State v. Hobbs, 263PA18-2, ___ N.C. ___ (Apr. 6, 2023)

In this Cumberland County case, the Supreme Court affirmed the trial court’s determination that under the inquiry established by Batson v. Kentucky, 476 U.S. 79 (1986), no purposeful discrimination in jury selection occurred when the state used peremptory challenges to strike three black jurors.

This matter was originally considered in State v. Hobbs (Hobbs I), 374 N.C. 345 (2020), where the Supreme Court remanded to the trial court with specific directions to conduct a hearing under the third step of the three-step Batson inquiry to determine whether defendant had proven purposeful discrimination. After the hearing, the trial court concluded defendant had not proven purposeful discrimination. In the current opinion, the Supreme Court considered whether the trial court’s conclusions were “clearly erroneous.”

The Supreme Court first noted that under both the U.S. and North Carolina constitutions the striking of potential jurors for race through peremptory challenges is forbidden, and that it has expressly adopted the Batson three-prong test for review of peremptory challenges. Here only the third prong was at issue, where the trial court “determines whether the defendant, who has the burden of proof, established that the prosecutor acted with purposeful discrimination.” Slip Op. at 4. The court then explained the basis of its review and detailed the instructions from Hobbs I for the trial court to consider when performing its analysis. Walking through the evidence for each stricken juror, the court found that the trial court considered the relevant factors and “conducted side-by-side juror comparisons of the three excused prospective jurors at issue with similarly situated prospective white jurors whom the State did not strike,” creating an analysis for each juror. Id. at 9.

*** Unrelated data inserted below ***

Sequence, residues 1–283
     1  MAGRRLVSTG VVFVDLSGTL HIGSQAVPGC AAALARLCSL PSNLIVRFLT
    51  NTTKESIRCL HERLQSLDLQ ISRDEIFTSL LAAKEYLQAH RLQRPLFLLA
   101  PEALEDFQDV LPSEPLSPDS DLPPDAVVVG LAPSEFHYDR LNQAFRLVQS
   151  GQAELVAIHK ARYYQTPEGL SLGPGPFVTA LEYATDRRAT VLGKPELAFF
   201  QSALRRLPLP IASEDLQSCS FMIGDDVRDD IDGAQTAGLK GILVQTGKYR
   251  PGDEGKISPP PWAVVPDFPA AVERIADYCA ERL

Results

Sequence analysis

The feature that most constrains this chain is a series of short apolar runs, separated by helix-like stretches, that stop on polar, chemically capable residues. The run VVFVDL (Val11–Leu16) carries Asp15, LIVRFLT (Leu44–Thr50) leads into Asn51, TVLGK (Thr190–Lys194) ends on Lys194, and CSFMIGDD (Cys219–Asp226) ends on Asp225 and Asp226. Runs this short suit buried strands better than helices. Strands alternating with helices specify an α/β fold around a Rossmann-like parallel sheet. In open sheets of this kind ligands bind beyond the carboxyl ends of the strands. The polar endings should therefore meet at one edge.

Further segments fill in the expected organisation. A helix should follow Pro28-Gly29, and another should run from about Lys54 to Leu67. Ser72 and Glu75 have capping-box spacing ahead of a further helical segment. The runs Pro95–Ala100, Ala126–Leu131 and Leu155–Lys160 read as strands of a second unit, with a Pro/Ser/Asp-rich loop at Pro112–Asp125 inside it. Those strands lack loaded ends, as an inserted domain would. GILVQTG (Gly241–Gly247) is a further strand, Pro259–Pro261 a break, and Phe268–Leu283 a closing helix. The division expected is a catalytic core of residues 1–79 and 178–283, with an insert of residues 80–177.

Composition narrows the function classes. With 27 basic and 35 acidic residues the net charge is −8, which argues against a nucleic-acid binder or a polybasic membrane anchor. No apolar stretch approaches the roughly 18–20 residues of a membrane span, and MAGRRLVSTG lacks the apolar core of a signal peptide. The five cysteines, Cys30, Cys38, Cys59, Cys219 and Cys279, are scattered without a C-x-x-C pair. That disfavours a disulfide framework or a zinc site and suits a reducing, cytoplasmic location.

In addition to the evidence regarding specific jurors, the court pointed out that “the State’s acceptance rate of black jurors was 50% after the State excused [the last juror under consideration] which did not support a finding of purposeful discrimination.” Id. at 20. Reviewing additional evidence, the court noted that “the trial court found that the relevant history of the State’s peremptory strikes in the jurisdiction was flawed and therefore misleading.” Id. This referred to a study by Michigan State University regarding the use of peremptory strikes in North Carolina. The trial court found that all of the Batson challenges in cases referenced in the study were rejected by North Carolina appellate courts, and the study had three potential flaws: 

(1) the study identified juror characteristics without input from prosecutors, thus failing to reflect how prosecutors evaluate various characteristics; (2) recent law school graduates with little to no experience in jury selection evaluated the juror characteristics; and (3) the recent law school graduates conducted their study solely based on trial transcripts rather than assessing juror demeanor and credibility in person.

Id. at 8-9. Based on the court’s review of the entire evidence, it affirmed the trial court’s conclusion of no Batson violation. 

Justice Earls, joined by Justice Morgan, dissented, and would have found a Batson violation. Id. at 22.